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Environmental acoustics is concerned with noise and vibration caused by railways, road traffic, aircraft, industrial equipment and recreational activities. The main aim of these studies is to reduce levels of environmental noise and vibration. Research work now also has a focus on the positive use of sound in urban environments for generating soundscapes and tranquillity. Environmental noise is an accumulation of noise pollution that occurs outside. This noise can be caused by transport, industrial, and recreational activities.
Noise is frequently described as ‘unwanted sound’. Within this context, environmental noise is generally present in some form in all areas of human, animal, or environmental activity. The effects in humans of exposure to environmental noise may vary from emotional to physiological and psychological.
Noise at low levels is not necessarily harmful. Environmental noise can also convey a sense of liveliness in an area, which can be desirable. However, the adverse effects of noise exposure (i.e. noise pollution) could include: interference with speech or other ‘desired’ sounds, annoyance, sleep disturbance, anxiety, hearing damage and stress-related cardiovascular health problems.
As a result, environmental noise is studied, regulated, and monitored by many governments and institutions around the world. This creates a number of different occupations. The basis of all decisions is supported by the objective and accurate measurement of noise. Noise is measured in decibels (dB) using a pattern-approved sound level meter. The measurements are typically taken over a period of weeks, in all weather conditions.
Noise from transportation is typically emitted by machinery (e.g. the engine or exhaust) and aerodynamic noise (see aerodynamics and aircraft noise) caused by the compression and friction in the air around the vessel during motion. Environmental noise from the railway specifically is variable depending on the speed and quality of the tracks used for transportation.
Industrial and recreational noise could be generated by a multitude of different sources and processes. Industrial noise can be generated by factories and plants (i.e., product fabrication or assembly), power generation (hydroelectricity or wind turbines), construction activities, or agricultural and meat processing facilities. Sources of recreational noise vary widely but they can include music festivals, shooting ranges, sporting events, car racing, woodworking, pubs, people’s activities on the street, etc.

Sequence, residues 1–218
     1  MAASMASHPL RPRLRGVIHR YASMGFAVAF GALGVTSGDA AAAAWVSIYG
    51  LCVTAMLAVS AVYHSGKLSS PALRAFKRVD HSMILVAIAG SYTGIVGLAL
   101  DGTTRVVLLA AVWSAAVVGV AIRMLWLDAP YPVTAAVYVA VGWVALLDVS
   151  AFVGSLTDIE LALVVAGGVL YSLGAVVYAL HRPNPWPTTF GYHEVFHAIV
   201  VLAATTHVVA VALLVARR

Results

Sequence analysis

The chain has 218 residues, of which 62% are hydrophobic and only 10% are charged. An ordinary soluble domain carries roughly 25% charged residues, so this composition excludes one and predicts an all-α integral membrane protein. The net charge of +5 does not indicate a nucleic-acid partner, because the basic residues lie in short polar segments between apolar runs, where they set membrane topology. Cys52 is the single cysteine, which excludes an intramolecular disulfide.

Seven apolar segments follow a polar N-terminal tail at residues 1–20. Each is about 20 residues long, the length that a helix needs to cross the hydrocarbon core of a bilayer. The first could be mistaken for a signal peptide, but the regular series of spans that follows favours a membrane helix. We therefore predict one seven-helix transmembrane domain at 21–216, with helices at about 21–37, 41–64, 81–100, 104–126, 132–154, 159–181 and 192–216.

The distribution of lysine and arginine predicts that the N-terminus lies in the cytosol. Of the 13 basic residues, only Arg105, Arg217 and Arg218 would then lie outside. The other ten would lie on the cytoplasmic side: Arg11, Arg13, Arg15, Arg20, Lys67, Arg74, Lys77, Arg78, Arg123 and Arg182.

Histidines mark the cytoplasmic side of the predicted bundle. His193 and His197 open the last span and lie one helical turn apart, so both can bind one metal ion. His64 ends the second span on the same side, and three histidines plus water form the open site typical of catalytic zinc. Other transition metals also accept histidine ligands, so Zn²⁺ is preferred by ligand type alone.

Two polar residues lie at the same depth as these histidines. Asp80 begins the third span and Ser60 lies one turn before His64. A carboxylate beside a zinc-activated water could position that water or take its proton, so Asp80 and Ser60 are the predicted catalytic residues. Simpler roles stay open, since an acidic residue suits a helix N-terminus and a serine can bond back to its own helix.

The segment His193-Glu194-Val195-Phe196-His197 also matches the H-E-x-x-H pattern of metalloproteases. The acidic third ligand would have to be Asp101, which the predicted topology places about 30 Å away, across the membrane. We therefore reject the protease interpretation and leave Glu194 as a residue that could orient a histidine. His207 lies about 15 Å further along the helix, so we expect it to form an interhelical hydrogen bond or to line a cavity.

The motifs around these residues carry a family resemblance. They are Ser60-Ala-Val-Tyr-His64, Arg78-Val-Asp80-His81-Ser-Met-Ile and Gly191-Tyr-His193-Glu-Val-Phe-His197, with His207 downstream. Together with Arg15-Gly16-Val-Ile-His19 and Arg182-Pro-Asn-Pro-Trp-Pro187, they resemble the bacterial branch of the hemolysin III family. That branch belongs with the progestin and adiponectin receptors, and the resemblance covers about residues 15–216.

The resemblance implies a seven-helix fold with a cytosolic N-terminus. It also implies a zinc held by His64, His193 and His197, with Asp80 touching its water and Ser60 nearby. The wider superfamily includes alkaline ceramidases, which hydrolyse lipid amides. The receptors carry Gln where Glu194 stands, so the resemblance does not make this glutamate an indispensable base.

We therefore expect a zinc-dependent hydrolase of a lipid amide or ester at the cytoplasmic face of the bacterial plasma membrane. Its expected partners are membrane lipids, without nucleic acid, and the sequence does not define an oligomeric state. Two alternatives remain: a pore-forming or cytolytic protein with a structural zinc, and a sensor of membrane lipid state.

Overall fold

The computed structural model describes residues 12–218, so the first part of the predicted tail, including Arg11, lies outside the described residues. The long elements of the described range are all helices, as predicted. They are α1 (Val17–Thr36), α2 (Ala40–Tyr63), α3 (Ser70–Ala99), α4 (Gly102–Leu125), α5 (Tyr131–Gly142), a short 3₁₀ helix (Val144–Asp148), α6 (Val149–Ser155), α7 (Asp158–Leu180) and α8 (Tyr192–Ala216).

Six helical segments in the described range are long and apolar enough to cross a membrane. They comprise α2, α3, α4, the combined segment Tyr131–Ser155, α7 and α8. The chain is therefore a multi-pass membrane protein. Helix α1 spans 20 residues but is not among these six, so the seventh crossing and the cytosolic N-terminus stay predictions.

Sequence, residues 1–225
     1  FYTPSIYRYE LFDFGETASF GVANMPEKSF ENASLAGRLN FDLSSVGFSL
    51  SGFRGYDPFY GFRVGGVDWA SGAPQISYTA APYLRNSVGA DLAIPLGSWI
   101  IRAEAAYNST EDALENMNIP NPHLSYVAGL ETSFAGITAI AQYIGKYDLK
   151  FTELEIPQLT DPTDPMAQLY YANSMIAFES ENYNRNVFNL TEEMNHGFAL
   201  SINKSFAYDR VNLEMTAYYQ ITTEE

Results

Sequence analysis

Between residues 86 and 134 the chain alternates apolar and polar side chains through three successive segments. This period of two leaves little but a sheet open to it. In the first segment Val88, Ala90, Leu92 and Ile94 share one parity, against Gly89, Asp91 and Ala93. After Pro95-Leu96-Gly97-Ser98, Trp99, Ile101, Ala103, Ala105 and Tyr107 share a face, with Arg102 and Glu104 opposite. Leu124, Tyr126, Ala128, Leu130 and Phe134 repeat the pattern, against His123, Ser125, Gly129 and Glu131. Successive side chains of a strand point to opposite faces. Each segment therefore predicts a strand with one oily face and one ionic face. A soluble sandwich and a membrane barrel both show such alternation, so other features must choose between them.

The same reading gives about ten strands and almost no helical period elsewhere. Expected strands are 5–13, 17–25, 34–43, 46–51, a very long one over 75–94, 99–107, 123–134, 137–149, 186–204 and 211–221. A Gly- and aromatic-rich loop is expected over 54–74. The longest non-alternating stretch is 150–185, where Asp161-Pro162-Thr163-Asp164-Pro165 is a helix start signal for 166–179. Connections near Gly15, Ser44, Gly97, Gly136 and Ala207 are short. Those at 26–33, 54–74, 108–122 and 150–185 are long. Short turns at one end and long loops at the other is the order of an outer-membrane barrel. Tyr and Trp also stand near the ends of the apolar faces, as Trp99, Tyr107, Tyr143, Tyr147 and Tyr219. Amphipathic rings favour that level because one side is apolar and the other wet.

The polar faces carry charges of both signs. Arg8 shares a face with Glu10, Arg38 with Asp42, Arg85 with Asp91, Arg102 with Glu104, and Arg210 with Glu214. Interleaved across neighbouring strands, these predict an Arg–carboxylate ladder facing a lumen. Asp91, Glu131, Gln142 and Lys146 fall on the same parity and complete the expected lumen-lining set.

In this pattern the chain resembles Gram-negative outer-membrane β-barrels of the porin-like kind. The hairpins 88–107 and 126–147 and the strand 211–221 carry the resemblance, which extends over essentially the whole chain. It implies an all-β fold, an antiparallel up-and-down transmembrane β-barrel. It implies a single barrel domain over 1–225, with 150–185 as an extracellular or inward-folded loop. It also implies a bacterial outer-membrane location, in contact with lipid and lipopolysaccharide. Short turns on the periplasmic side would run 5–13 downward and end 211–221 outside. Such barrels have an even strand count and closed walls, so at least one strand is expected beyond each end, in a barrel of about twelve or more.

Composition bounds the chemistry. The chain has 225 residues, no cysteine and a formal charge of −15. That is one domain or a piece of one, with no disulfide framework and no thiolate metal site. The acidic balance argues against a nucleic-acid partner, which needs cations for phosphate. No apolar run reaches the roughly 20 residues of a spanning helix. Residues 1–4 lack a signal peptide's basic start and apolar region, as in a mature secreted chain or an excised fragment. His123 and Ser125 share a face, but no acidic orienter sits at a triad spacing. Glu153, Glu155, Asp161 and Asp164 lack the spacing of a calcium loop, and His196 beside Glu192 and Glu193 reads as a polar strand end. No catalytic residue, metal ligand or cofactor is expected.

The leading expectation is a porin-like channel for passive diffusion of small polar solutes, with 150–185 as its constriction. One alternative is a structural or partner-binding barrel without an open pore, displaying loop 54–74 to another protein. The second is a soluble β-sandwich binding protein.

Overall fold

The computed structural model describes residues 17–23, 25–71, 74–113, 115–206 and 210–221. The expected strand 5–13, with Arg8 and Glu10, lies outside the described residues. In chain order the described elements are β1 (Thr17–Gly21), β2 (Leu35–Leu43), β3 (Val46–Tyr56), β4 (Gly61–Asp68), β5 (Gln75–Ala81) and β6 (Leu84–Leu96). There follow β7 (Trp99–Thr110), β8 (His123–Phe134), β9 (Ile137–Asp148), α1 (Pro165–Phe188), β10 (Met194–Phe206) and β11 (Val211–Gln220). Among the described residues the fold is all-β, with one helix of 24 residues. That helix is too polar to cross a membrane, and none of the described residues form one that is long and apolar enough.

Sound propagation outdoors is subject to meteorological effects (e.g. wind, temperature) that affect the distance, speed, and direction with which environmental noise travels from a source to a listener.
Environmental noise, health effects and noise and quality of life show a direct correlation. The increase of environmental noise, especially for those living near railways and airports, has created, stress, anxiety, and even conflict. Getting adequate and quality sleep is difficult for those who live in areas of high noise exposure. When the body is at rest, noise stimuli is continually being presented in the environment. The body responds to these sounds which can negatively affect sleep (car horn during the night, fast train passing nearby)
High exposure to environmental noise can play a role in cardiovascular disease. Noise can raise blood pressure, change heart rates, and release stress hormones. Consistent changes in these health stats can lead to risks for hypertension, arteriosclerosis, and even more serious events such as a stroke or myocardial infarction.
The European directive 2002/49/EC gives a definition for environmental noise. The main goal is to create an integrated noise management system. The Environmental Noise Directive (END) was created in the European Union to provide guidelines, laws, and standards in the management of environmental noise. The END has created noise mapping, noise action plans, and quiet areas to control environmental noise and the negative effects it can have on individuals.
The implementation is divided into phases: In the first phase, the member states shall inform about major roads with more than six million vehicles a year, major railways with more than 60,000 trains per year, major airports with more than 50,000 movements per year and metropolitan areas with more than 250,000 inhabitants. In the second phase, these numbers are halved; only the criteria for airports remains unchanged. In the third and the following phases, the methods for calculation of the noise levels will change while the criteria remains unchanged. Each phase consists of three steps: the collection of the data from the main sources of noise, strategic noise maps and action plans. The countries listed below follow the guidelines of the European Union.